Dr. Shirin Ebadi, a Nobel Laureate and the first woman president of Tehran’s city court, delivered the Gruber Distinguished Lecture in Global Justice at Yale Law School on Monday, March 3, 2014 at 4:30 p.m. Ebadi's Lecture was titled "Human Rights in the Muslim World.”
Yale Law School Dean Robert C. Post ’77 called Ebadi “one of the most remarkable human rights advocates of our time,” and said the Law School was, “honored to have Dr. Ebadi share with us her insights on this timely and important topic.”
Dr. Ebadi was awarded the 2003 Nobel Peace Prize for her work on behalf of Iranian children, women, and political prisoners. She served as president of Tehran’s city court until she was dismissed from the bench, along with other women judges, following the Islamic Revolution in 1979. Dr. Ebadi now lives in exile in the United Kingdom, where she continues her advocacy, through her writings, through her representation of political dissidents, and through her work with numerous human rights organizations, some of which she was instrumental in founding.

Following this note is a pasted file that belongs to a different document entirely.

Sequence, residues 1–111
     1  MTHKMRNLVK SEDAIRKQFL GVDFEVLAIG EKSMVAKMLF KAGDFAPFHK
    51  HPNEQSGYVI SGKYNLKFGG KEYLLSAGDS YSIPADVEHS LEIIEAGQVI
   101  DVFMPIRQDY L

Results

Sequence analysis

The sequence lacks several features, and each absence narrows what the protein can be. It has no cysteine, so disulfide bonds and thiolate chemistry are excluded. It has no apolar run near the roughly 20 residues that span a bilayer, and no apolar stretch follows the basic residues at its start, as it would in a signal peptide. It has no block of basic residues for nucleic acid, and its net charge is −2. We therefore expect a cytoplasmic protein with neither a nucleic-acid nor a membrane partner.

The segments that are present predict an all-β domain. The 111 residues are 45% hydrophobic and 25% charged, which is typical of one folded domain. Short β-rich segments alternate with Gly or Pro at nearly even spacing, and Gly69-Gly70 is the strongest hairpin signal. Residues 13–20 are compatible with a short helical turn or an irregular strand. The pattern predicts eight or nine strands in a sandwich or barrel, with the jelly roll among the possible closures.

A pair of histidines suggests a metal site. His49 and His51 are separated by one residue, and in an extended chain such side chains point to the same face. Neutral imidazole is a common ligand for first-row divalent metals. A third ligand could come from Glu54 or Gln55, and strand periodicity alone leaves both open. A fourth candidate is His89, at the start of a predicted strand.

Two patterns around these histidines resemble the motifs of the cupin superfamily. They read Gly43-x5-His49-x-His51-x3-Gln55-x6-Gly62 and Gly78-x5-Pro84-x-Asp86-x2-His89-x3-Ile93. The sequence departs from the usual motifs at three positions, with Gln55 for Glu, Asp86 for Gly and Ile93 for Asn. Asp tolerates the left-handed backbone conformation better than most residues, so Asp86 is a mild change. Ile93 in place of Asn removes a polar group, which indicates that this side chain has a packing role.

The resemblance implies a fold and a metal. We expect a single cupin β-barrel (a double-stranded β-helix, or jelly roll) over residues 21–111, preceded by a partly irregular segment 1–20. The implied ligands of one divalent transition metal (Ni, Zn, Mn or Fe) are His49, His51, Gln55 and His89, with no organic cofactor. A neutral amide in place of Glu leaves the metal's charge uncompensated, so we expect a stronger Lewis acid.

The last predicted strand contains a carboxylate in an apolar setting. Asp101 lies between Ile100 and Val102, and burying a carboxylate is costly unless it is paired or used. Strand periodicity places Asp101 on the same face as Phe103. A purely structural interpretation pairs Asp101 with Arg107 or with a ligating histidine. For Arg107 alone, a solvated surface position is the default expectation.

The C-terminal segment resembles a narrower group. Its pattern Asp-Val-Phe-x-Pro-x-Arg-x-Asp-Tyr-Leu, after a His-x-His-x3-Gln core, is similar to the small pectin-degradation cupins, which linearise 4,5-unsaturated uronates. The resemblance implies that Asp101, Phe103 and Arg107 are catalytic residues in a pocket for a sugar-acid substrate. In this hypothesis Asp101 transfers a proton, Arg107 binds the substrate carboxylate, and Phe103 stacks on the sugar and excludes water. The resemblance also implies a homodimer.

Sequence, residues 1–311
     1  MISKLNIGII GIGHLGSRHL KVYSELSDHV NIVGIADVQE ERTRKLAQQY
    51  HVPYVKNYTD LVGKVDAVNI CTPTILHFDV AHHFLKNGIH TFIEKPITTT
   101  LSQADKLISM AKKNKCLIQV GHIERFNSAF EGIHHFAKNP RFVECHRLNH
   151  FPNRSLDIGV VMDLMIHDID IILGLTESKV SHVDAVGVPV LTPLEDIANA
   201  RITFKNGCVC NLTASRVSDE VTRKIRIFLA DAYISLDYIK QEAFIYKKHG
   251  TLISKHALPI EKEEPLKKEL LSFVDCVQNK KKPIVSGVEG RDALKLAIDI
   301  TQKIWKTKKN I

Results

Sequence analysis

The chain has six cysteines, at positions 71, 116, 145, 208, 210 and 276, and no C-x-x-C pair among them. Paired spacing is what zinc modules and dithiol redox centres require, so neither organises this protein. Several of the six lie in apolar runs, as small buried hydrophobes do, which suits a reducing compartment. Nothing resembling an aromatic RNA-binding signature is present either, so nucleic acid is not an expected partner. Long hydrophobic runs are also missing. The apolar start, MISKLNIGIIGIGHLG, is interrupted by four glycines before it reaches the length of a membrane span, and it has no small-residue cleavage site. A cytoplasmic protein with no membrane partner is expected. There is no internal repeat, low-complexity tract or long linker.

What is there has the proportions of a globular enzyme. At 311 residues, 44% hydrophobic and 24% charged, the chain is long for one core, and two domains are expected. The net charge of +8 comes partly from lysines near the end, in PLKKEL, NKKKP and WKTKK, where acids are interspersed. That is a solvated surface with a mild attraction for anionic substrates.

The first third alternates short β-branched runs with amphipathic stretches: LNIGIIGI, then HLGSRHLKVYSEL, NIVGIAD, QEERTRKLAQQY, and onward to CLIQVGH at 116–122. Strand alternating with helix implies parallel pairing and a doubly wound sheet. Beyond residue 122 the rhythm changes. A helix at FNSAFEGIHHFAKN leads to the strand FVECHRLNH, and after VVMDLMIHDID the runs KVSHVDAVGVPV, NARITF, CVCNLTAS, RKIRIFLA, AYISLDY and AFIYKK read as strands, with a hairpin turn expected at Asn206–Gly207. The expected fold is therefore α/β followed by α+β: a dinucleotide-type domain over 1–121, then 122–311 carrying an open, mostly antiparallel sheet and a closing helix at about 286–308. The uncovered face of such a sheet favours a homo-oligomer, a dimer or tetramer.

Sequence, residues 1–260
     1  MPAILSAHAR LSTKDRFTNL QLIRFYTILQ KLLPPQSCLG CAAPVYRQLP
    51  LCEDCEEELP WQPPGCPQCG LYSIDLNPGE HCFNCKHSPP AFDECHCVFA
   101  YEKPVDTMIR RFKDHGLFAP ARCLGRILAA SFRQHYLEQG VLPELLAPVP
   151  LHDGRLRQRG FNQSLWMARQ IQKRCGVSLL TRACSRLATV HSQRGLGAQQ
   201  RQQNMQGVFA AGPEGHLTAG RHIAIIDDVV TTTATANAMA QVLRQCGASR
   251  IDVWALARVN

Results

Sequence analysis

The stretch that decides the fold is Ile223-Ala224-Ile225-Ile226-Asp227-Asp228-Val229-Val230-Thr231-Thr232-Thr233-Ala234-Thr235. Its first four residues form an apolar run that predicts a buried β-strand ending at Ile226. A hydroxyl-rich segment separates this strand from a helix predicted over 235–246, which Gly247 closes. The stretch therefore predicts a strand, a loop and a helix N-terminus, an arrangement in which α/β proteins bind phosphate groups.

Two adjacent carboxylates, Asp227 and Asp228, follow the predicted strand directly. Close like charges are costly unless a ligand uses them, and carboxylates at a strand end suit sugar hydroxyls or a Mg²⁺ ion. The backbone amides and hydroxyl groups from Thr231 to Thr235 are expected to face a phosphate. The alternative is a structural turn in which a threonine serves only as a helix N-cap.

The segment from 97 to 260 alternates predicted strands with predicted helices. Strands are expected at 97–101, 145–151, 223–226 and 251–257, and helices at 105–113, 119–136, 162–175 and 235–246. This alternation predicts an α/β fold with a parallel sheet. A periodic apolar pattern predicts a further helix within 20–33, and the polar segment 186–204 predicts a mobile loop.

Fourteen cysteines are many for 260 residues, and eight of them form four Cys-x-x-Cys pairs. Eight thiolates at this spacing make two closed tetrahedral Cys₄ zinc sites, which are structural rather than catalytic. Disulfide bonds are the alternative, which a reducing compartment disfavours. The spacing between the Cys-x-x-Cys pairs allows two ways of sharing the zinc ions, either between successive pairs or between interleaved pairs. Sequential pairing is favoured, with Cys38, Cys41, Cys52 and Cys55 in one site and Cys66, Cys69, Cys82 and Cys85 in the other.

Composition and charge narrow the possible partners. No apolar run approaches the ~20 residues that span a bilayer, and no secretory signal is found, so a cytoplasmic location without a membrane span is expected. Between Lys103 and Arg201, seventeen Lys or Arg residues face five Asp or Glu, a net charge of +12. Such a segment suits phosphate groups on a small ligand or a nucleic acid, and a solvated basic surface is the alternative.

The conversation with Dr. Ebadi continued on Tuesday, March 4, 2014 with a special discussion on “The Future of Iran.” This interdisciplinary roundtable took place from 12 p.m. to 1:30 p.m. and was chaired by Oona A. Hathaway ’97, the Gerard C. and Bernice Latrobe Smith Professor of International Law. The discussion also featured several Yale professors, including Professor of History and International Studies Abbas Amanat, William K. Lanman Jr., Assistant Professor of Anthropology Narges Erami, and Associate Professor of Political Science Andrew March. The panel built upon the previous day's lecture and engaged Dr. Ebadi on particular issues salient to the Iranian context, including women's rights, Islamic political theory, and international relations.